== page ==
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Well known for her contribution to arts and inclusion in the Hartford Region, Reverend Dr. Shelley Best was named Chief Executive Officer of the Greater Hartford Arts Council in April 2022. MetroHartford Alliance Content Manager Nan Price spoke with Dr. Best about her new role and the role of the arts our region.

NAN PRICE: You’re transitioning from a longtime role at the helm of The 224 EcoSpace how did you decide to take on this new role?

REV. DR. SHELLEY BEST: It was a difficult decision to make. I served at The 224 EcoSpace for 20 years and we did some amazing work. As many people say, how did you leave your baby?

At the MetroHartford Alliance Welcome Reception in May, I mentioned the idea of serendipity. Serendipity showed up during the pandemic when I was trying to figure out how to pivot.

I had developed a connection with the Hartford Foundation for Public Giving and served on the committee for the Artists Of Color Unite project. I was learning more about the arts landscape, what’s going on in our community, and the power of art, which was an affirming learning experience. I could see the vision of the Foundation and I realized there was a great opportunity to use art as a vehicle for community building, social change, and transformation.

I was also learning about what it takes to make change happen. That was a turning point, because it started to shift me to look at art significantly. So, when the opportunity at the Greater Hartford Arts Council presented itself and I read the job description, which was complex, challenging, and a huge responsibility, I knew I could do it because I’d done all these things with The 224.

NAN: In your role as CEO, what do you hope to bring to the Greater Hartford Arts Council?

SHELLEY: I’m a community builder and a network builder. Bringing people together has always been a part of what I do. Bringing people together is how change and transformation happens.

I’m excited about the Arts Council because it’s a chance to change the arts landscape of this city and region. And I know I can lead that—I know I can have that kind of impact to make that difference.

I feel like I completed my assignment at The 224. This is the new assignment for me to transform, uplift, and create vitality in the arts network of Greater Hartford.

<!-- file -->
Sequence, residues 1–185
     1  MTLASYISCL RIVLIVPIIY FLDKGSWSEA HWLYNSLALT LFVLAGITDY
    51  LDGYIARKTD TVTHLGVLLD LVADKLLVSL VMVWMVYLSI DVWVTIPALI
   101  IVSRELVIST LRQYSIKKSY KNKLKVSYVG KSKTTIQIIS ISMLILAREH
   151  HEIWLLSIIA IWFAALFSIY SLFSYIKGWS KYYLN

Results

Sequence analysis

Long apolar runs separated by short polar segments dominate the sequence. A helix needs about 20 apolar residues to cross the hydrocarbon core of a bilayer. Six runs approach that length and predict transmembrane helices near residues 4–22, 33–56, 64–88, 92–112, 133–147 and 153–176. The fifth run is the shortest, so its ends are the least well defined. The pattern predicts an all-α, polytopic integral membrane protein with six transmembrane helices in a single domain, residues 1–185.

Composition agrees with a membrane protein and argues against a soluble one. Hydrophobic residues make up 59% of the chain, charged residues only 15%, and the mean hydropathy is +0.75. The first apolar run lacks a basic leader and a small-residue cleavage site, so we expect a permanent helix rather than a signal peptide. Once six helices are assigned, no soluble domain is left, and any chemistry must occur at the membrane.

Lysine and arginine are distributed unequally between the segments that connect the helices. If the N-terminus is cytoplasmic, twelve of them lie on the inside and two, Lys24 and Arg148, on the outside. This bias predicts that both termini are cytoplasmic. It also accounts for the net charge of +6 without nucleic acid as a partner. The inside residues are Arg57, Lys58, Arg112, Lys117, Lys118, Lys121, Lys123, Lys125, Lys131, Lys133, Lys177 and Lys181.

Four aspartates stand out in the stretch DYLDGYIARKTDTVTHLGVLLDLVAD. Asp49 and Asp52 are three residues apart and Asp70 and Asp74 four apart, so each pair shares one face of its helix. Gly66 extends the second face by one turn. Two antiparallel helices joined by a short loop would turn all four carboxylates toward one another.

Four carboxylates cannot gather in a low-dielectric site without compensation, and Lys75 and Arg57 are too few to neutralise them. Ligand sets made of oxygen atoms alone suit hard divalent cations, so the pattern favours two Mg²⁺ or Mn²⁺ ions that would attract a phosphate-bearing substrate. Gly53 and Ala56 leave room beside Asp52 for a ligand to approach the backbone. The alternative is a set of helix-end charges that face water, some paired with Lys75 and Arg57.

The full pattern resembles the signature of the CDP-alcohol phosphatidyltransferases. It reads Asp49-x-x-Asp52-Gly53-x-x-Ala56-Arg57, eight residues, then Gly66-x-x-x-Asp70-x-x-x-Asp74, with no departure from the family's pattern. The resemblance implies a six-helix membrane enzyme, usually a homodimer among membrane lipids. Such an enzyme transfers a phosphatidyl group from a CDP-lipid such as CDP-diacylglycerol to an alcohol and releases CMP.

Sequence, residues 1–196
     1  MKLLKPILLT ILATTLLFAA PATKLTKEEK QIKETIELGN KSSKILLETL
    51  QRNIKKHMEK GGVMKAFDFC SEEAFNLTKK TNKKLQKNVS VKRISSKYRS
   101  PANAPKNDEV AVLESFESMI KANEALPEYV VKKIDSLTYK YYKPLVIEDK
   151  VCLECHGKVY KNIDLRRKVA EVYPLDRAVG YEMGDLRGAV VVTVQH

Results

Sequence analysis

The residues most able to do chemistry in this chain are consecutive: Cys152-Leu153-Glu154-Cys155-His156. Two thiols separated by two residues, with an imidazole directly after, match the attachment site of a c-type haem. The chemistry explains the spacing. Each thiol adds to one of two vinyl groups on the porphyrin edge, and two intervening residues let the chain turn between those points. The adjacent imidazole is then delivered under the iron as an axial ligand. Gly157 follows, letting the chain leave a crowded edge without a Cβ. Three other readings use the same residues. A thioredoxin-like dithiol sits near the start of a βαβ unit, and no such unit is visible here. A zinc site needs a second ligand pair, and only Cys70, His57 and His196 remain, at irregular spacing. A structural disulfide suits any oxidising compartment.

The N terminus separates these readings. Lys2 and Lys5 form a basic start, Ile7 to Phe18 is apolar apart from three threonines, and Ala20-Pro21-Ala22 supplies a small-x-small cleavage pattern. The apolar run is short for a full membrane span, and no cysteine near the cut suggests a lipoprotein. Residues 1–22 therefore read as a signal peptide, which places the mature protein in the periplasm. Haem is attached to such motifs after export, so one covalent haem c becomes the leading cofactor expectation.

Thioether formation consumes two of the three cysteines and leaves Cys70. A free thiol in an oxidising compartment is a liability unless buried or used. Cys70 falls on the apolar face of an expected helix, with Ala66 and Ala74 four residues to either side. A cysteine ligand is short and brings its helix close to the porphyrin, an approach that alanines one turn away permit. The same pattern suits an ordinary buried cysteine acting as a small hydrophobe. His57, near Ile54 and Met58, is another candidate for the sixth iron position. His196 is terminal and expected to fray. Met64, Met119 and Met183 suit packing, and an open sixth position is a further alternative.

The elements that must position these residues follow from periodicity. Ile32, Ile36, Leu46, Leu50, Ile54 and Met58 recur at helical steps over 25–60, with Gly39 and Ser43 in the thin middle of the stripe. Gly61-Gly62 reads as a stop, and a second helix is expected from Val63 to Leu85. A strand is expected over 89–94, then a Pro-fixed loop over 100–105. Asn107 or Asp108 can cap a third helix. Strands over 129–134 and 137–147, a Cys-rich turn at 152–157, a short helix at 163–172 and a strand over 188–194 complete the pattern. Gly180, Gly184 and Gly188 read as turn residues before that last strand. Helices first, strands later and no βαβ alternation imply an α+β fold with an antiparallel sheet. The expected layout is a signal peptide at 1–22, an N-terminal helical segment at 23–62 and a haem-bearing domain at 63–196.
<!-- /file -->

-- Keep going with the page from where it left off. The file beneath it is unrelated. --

Arts organizations and leaders and artists have gone through so much throughout the pandemic. We need uplift one another and we need the motivation and inspiration to keep going. So, I see that as part of my leadership role too.

NAN: How do you make arts inclusive and encourage people at all different capacities to become involved?

SHELLEY: It’s about inviting people to the table, really reaching out to the diversity of people in this community, in all disciplines of art. It’s also about redefining art for our community. Art can be food, visual, dance, poetry, spoken word, storytelling.

As you look at the diversity of art, you start to see the diversity of the community. And when the whole community gets to tell its story in its own way, that’s when healing and wholeness and connection starts to happen. That’s when we start to really create a new fabric of possibility.

NAN: What about workforce opportunities in the arts?

SHELLEY: We have an enormous population of all kinds of creatives in the Hartford Region. Part of the opportunity is to build the creative core and develop a network of artisans who can be employed. We’ve got to get people opportunities to make livelihood with their creativity.

There’s a great opportunity in our community to build the infrastructure for people to be a part of the creative economy. And Hartford is meant to be a space for creative economy. We have a tremendous legacy with Mark Twain and Harriet Beecher Stowe and other people who have been known as major creatives in our region—and we still have that opportunity today.

As an organization, we want to help people get on the track of the creative economy and create opportunities for all kinds of people in Hartford—especially starting with the youth. We’re looking at ways to help young people get involved, because innovation and entrepreneurship come from the gift of creativity. And if we don’t cultivate our young people, we’re not cultivating innovation. So, part of the advocacy of our organization will be looking at things like arts education and opportunities for arts therapy for young people. We’ve got to take care of the next generation.

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Rev. Dr. Shelley Best photo courtesy Keith Claytor, TimeFrozen Photography